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Old 07-08-2019, 09:11 AM   #3
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We have towed small sports cars for 40 years on 3 different trailers and behind 4 motorhomes. I learned some time ago that driving with one flat tire will soon damage the other tire on the same side so I carry 2 spares. Also, bought a 10 sensor TPMS a few years back and really like the peace of mind from knowing the state of the trailer tires.

Our current trailer is an open Aluminum Featherlite. I highly recommend this brand if you can stand the $$$

Quote:
Originally Posted by Rockbottom View Post
I did a search on the forum but multi-word searches just don't work well. If there's a trick, please let me know.

Anyhow, I'm considering a 16ft. car hauler to tow behind my motorhome. The reason is because I have a muscle car and a tractor that I need to move from time to time with my truck so it would fulfil multiple needs. I have a 5000lb tow capacity so I can find a vehicle that will fulfill the weight limit of both hauler and vehicle combined. I also have a 500lb tongue weight limit and I have no idea if I should be concerned about maxing it out.

My question: What are the negatives about this plan besides the extra space requirement when staying in an RV park? I fear that I am missing something since it's not referred to in any of the posts I've read when pulling a vehicle with a motorhome.
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Old 07-08-2019, 09:14 AM   #4
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A muscle car and trailer are going to weigh 5000+ lbs. The 500+ lbs of tongue weight is going to put 750+ lbs on your rear axle and with only a 11K GVW you will more than likely be over your rear axle rating. Adding half of your GVW to what is probably a overloaded rig is going have the tail wag the dog and take you to the scene of the accident.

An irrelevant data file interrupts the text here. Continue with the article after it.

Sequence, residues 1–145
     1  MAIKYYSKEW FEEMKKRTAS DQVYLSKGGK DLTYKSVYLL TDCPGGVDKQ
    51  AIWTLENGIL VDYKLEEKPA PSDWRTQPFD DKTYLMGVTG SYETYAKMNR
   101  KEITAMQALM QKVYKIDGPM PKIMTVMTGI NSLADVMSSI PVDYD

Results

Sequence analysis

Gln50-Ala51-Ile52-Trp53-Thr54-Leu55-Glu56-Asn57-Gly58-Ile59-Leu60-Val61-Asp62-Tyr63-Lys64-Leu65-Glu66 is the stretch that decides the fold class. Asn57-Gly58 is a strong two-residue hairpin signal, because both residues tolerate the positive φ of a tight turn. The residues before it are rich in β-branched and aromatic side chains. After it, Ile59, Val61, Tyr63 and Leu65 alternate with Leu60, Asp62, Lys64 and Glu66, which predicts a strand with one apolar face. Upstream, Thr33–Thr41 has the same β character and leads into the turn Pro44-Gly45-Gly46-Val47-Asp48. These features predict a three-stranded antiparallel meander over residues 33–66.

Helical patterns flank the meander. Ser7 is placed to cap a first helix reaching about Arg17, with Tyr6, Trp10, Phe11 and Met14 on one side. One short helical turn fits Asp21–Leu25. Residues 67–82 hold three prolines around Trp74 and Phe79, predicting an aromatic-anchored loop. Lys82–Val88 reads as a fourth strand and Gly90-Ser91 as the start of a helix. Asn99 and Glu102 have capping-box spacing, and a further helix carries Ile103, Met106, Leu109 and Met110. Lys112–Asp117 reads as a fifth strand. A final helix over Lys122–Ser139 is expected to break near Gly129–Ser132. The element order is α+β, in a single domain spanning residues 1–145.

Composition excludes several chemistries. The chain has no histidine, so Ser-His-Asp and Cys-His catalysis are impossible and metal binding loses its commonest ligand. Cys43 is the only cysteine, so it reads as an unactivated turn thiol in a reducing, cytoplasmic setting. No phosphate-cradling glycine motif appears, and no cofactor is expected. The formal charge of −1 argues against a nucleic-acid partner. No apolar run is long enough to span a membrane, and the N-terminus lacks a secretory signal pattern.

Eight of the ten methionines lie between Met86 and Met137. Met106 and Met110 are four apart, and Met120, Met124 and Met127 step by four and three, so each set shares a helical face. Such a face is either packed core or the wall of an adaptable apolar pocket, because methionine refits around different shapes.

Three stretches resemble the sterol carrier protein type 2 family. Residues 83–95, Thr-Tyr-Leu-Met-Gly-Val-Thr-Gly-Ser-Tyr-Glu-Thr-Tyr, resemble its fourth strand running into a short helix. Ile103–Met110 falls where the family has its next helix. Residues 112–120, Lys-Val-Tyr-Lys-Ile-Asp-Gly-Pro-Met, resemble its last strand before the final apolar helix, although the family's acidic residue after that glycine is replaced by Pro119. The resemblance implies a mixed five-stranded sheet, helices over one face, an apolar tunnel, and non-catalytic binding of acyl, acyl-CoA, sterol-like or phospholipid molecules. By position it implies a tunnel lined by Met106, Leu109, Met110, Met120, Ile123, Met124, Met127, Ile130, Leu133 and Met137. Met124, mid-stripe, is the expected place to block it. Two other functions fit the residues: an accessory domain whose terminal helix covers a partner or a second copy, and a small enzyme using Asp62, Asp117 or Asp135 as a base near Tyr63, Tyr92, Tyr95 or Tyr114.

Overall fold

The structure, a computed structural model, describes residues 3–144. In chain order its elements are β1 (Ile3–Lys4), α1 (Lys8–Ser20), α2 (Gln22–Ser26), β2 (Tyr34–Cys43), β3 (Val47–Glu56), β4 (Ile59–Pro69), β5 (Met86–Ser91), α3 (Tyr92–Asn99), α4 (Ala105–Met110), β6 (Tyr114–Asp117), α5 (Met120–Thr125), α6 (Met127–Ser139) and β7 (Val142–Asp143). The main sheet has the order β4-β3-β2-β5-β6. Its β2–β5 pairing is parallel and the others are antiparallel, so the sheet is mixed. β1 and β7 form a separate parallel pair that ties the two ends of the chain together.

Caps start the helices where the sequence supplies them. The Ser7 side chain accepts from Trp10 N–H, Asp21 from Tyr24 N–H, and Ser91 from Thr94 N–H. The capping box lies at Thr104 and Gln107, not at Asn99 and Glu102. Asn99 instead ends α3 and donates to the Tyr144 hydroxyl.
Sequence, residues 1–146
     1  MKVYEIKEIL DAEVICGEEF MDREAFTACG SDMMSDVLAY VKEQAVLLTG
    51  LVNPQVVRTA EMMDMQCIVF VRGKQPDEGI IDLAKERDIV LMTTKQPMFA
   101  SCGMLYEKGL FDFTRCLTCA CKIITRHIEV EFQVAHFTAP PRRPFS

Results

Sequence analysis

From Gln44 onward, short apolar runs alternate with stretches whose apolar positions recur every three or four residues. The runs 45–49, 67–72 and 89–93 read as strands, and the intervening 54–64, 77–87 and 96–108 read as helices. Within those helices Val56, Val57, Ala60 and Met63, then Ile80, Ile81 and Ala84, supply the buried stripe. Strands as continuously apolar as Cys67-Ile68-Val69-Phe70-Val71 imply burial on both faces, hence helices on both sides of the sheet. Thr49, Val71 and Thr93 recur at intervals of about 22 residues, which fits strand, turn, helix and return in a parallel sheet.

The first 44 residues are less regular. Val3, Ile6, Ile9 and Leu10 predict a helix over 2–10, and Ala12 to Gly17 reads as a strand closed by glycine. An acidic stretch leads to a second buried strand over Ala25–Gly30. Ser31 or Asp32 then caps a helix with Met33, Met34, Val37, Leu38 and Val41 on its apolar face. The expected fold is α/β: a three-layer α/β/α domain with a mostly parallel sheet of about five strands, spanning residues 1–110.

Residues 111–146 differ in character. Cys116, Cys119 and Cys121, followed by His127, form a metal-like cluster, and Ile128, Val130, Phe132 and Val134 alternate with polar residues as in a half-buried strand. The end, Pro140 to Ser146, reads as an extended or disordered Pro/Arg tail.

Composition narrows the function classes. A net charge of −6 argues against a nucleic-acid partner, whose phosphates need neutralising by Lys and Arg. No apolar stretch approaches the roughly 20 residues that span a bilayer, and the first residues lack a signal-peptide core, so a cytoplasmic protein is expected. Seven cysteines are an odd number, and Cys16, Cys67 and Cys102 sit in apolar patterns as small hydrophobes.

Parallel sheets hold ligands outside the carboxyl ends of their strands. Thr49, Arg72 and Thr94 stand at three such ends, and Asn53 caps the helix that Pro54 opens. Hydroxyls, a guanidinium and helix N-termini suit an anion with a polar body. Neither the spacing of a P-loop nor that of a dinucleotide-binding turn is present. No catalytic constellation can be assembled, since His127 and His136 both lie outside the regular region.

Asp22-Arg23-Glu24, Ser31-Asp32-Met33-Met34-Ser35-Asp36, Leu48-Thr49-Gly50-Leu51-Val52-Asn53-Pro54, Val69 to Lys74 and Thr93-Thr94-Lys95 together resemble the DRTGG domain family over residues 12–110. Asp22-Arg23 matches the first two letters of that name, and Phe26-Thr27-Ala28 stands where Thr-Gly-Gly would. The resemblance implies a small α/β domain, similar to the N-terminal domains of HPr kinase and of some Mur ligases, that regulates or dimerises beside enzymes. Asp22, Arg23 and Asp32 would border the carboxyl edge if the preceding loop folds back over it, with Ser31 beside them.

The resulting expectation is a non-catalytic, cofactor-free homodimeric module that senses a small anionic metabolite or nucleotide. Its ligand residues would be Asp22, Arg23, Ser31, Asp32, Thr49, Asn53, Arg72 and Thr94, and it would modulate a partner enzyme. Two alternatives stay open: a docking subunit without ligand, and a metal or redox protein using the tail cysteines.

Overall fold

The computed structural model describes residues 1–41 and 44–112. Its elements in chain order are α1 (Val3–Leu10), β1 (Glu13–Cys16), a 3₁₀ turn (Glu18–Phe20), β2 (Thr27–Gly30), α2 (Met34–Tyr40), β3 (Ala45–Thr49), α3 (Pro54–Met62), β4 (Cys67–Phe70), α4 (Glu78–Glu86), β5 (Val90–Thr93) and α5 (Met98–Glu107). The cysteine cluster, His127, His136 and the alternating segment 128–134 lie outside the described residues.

Just because the Trek above has done it does not mean you can. He has a GVW of 16,500 (more than your combined) and his combined is 21,500 plus using an alum trailer and a small light vehicle...probably 4000 lbs.
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Old 07-08-2019, 06:46 PM   #5
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Thanks BCarp for spelling out so nicely the things to consider.
Looks like I have to take the 4 down route.
Thank you all for your insight!
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Old 07-11-2019, 01:41 AM   #6
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My 18 foot steel deck trailer weighed 5,800 lbs with my 1969 AMX on it. The AMX was around 3k lbs, pretty light by muscle car standards, but I do have a soft cover on the trailer that adds about 200-250 lbs to the trailer weight.

I think you'll need an aluminum trailer to get under 5k lbs, depending of course on what kind of car you're hauling.
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Old 07-11-2019, 07:57 AM   #7
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As George states, consider buying an aluminum trailer. I currently have my 17 foot Featherlite for sale, as I plan to buy a longer one.